Peel Public Health has issued a Section 22 order to close all schools and switch to remote learning only in Brampton, Caledon, and Mississauga for two weeks.
The health unit says this will be effective at 12:01 a.m. on April 6.
The closure will remain in place through the end of day April 18. Further decisions to extend the order will be made, as required, and Peel Public Health says the return will be re-evaluated closer to that date and is subject to change.
“This closure is a necessary step to protect staff and students in Peel Region. With increasing case counts and the presence of variants of concern, we need to break chains of transmission and keep our schools safe,” said Peel Region Medical Officer of Health Dr. Lawrence Loh.
“I know this will be challenging for parents to navigate and we appreciate all the sacrifices parents continue to make as we continue to fight COVID-19 in our community.”
RELATED: Lecce insists schools are safe, Toronto Public Health won’t recommend move to remote learning
Loh says the closure will allow students and staff at least two weeks out of schools to break any chains of transmission and protect them from exposure.
The public health unit says Peel Region saw significant increases in case counts and the spread of variants in the community, leading up to Monday’s announcement.
“This closure will allow students and staff at least two weeks out of schools to break any chains of transmission and protect them from exposure,” they said in a release.
- All Dufferin Peel District Catholic School Board, Peel District School Boards, Conseil Scolaire Viamonde, Conseil scolaire catholique MonAvenir, and all private schools including all elementary staff and students, secondary staff and students and Special Education staff and students.
- All April Break spring camps for school-age children will be cancelled.
Peel Public Health says licensed child care programs will remain open for children under 6 years of age who are not attending school.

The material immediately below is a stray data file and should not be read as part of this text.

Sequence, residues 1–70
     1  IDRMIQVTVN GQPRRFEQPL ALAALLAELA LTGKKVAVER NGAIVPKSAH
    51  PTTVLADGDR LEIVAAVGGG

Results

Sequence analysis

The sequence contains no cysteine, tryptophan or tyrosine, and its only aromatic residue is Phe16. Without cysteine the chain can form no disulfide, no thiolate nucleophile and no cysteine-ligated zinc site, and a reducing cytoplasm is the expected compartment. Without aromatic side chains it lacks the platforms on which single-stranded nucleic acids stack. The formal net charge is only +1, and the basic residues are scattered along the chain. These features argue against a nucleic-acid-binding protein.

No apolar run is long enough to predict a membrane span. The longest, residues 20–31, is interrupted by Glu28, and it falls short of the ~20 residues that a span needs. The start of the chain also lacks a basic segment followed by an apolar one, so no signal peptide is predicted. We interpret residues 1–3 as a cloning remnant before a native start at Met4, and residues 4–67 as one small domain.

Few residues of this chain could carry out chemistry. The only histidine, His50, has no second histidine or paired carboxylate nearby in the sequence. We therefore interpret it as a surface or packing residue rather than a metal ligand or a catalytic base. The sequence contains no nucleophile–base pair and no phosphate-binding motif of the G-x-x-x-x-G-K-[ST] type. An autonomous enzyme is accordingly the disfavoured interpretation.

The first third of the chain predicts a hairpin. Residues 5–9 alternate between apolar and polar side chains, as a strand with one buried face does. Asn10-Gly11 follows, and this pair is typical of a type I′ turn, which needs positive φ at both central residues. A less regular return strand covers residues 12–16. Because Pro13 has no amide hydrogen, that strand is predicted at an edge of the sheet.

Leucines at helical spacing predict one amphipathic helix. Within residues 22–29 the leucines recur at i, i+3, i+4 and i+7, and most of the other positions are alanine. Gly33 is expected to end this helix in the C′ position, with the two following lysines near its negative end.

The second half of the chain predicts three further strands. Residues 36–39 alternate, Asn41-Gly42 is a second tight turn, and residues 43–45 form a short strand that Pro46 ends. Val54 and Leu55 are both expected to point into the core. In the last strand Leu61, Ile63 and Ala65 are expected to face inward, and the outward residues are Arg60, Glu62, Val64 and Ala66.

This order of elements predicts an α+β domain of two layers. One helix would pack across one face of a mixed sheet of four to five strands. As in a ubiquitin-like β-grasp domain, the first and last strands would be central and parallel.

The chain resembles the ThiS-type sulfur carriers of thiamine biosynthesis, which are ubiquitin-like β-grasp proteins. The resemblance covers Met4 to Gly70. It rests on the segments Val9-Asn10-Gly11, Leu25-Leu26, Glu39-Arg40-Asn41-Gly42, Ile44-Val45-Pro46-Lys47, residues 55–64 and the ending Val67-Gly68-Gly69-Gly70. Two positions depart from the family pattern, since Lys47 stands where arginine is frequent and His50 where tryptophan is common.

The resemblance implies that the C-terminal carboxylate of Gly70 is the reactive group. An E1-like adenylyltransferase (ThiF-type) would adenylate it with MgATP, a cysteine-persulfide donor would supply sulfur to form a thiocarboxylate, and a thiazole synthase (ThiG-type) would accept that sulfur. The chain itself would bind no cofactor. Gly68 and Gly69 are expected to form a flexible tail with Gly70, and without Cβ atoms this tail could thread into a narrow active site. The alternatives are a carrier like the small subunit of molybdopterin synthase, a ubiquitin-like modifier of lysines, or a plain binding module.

“If your child attends a school in Peel Region, they are not allowed to attend child care centres or day camps, including those offered by child care providers, during this closure,” the health unit says.
The Peel District School Board says it respects the decision made by the public health unit.
“Spring Break will carry forward as planned the week of April 12 to 16, 2021,” Colleen Russell-Rawlins, Director of Education, PDSB confirmed in a statement to 680 NEWS.
“We remain grateful to staff, students, and families who have taken extraordinary efforts to change their routines and carry out collective actions to limit the spread of COVID-19 and keep our school communities safe. The health and safety of students and staff in schools, along with a strong commitment to student learning, continue to be our main focus.”
The DPCDSB issued a letter to parents asking that they continue to monitor communications for further updates as they become available.
Elementary Teachers Federation of Ontario (ETFO) President Sam Hammond called it a “very prudent decision.”
“Thanks to Peel Public Health! This protects students, educators and supports our health care workers,” tweeted Hammond.
This is a very prudent decision. Thanks to Peel Public Health! This protects students, educators and supports our health care workers! https://t.co/okLUfK7RYR
— Sam Hammond (@etfopresident) April 5, 2021
Last week, Education Minister Stephen Lecce announced in-class instruction and April Break would go on as planned.
Lecce said that nearly 3 in 4 schools have “no cases at all,” adding that the government will not hesitate to take action if the circumstances worsen.
The minister’s office once again defended its stance on keeping students in class, saying Monday “schools remain safe with strong public health measures in place that have kept nearly 99% of schools in Ontario open.”
On Monday, the ETFO issued a statement calling on the Ford government and public health units (PHUs) in hot spot areas to take “immediate steps to ensure the safety of educators and students, including a temporary move from in-person to virtual learning.”
“The Ford government’s shutdown announcement did nothing to assure Ontarians that it has their best interests at heart. Instead, it left many feeling abandoned, frightened, and unsure about the future,” added Hammond.
“As medical experts have said, there is no excuse – no valid reason – to not begin vaccinating all essential workers today; this includes all education workers. Failure to do so, with so many available vaccines sitting in freezers, is negligent and dangerous.”
An erroneous letter from the York Catholic District School Board (YCDSB) was sent out last Wednesday advising parents online learning would begin April 6.
680 NEWS later confirmed the letter was inaccurate, leading to the YCDSB issuing a separate letter to parents apologizing for the confusion.
In provincial modelling released last week, data showed that younger people are now ending up in the hospital and in ICU beds.
The modelling revealed the risk of ICU admission is two times higher and the risk of death is 1.5 times higher for the B.1.1.7 variant.
Data as of Monday, April 5
The province reported 249 new COVID-19 cases across Ontario schools on Monday, including 211 student infections.
There have been just under 2,500 positive cases in schools reported in the last 14 days.
On Friday, Doug Ford announced a lockdown across all public health units that will last at least four weeks.
The new restrictions went into effect on Saturday.